There is also a less than subtle irony in the very trick used. Jacob had given in to his mother's duplicity and participated in tricking his father by switching the younger son for the older. Now Jacob was the victim of switching the older daughter in place of the younger.  
          Was this "switch" a consequence or a punishment from God against Jacob? Many commentators are quick to point out that Jacob received a dose of his own medicine and that this illustrates the truth that what a man sows, he shall reap (Gal. 6:7). We can only note that God did not intervene to warn Jacob or prevent the deception. But God was at work even in this to finally bring the great nation.
          Perhaps most important here is to see Jacob's character and tenacity. Even when tricked, Jacob seems to count this as a minor setback. He finishes the bridal week of celebration and then agrees to work for another seven years to marry Rachel.  
          And Jacob was true to his word to Laban! He took Rachel as his wife and then stayed the additional 7 years to work as payment. Who would have blamed Jacob if he had run away with Rachel? Who would have blamed him if he had abandoned Leah?  
         Jacob responded honorably to both Leah and Laban, even though he had been treated dishonorably. God was developing Jacob's character. And God was turning the fruits of deception into a blessing and building the promised seed, the nation of Israel. We see a message developing that will be clearer in Joseph's life-- "You intended to harm me, but God intended it for good to accomplish what is now being done" (Genesis 50:20).  
           The truth is that as we journey in faith with God there will be setbacks. Some setbacks may even be the consequence of our own actions. But God is with us. The Lord will never leave us or forsake us. He is working toward our destiny. "I know the plans I have for you," declares the Lord, "plans to prosper you and not to harm you, plans to give you hope and a future" (Jeremiah 29:11). We can learn from the setbacks. We do not have to respond dishonorably even when treated with deception. Why? We are learning that God is in charge. God is orchestrating our journey with Him.  God is working even through the setbacks.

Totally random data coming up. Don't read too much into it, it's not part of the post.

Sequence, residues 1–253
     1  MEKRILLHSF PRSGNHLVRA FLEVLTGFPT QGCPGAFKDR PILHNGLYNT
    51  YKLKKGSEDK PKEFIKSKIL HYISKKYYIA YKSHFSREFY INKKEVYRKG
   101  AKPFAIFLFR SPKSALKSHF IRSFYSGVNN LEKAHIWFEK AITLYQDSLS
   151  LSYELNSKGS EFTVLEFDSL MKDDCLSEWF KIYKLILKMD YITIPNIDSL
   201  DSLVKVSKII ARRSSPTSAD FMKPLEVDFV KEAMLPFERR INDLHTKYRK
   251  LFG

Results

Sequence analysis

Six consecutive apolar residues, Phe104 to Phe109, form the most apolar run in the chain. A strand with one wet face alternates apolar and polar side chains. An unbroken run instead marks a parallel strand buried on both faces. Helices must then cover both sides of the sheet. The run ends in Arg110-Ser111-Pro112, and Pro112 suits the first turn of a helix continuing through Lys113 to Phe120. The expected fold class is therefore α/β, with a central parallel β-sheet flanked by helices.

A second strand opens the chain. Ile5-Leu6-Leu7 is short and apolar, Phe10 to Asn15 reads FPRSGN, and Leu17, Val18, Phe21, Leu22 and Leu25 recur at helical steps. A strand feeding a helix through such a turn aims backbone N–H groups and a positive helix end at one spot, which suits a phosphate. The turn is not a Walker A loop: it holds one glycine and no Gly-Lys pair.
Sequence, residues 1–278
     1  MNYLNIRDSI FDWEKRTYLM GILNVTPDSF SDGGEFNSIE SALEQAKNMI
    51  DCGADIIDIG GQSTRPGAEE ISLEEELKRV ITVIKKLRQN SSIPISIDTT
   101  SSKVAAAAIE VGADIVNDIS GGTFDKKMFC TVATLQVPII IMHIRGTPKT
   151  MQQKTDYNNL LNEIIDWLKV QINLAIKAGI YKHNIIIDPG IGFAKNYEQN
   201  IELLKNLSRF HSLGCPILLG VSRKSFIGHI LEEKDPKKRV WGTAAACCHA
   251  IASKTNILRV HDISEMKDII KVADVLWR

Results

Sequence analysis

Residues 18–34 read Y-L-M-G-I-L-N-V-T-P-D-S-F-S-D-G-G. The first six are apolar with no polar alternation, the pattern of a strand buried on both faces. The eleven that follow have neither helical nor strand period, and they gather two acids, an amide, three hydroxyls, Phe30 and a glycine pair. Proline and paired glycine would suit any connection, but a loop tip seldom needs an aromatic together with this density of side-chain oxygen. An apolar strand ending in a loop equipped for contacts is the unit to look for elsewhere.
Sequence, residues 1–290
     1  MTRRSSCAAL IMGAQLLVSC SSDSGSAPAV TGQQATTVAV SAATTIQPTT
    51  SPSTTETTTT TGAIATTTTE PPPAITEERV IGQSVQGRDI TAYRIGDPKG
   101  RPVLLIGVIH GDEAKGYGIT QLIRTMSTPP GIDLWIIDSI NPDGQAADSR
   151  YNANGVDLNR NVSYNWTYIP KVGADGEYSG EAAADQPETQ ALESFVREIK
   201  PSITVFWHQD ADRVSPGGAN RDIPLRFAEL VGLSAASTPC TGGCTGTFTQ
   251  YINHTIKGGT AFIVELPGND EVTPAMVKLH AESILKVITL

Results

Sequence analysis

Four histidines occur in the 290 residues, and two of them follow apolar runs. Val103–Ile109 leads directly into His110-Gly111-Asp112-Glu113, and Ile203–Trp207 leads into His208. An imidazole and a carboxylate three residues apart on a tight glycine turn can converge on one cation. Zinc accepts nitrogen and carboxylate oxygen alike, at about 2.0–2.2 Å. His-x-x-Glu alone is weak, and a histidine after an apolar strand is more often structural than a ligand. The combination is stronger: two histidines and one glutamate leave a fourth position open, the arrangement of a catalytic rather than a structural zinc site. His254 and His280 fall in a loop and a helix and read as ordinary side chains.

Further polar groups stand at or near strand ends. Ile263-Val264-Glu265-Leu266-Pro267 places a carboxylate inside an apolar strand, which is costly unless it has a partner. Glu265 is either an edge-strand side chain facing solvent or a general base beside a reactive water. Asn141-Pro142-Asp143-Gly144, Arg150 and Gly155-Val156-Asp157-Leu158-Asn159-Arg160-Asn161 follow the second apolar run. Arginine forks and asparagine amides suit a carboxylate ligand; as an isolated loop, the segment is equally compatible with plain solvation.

Lord, I give thanks that You are in charge. I rejoice in knowing that even when things don't seem to go my way, You are still working toward Your plan for me. Give me Your hope and show me Your future for me. In Jesus' name.

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© Jeffrey D. Hoy 2022
Dr. Jeffrey D. Hoy - Faith Fellowship Church (EFCA)        
2820 Business Center Blvd.
Melbourne, Florida 32940 (321)-259-7200
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The Words of Faith devotion is published five days a week by E-mail, excluding Federal holidays. Please feel free to forward this devotion to a friend who might be blessed by this devotion. Unless otherwise noted, all Scripture is quoted from the New International Version (R) of The Holy Bible. Copyright (c) 1973, 1978, 1984 by International Bible Society. Used by permission of Zondervan Publishing House. All rights reserved. Words of Faith (c) 1997, 2022 Jeffrey D. Hoy. All rights reserved. Permission is granted to forward this copyrighted material or use portions of it with appropriate notation of the source for non-profit purposes.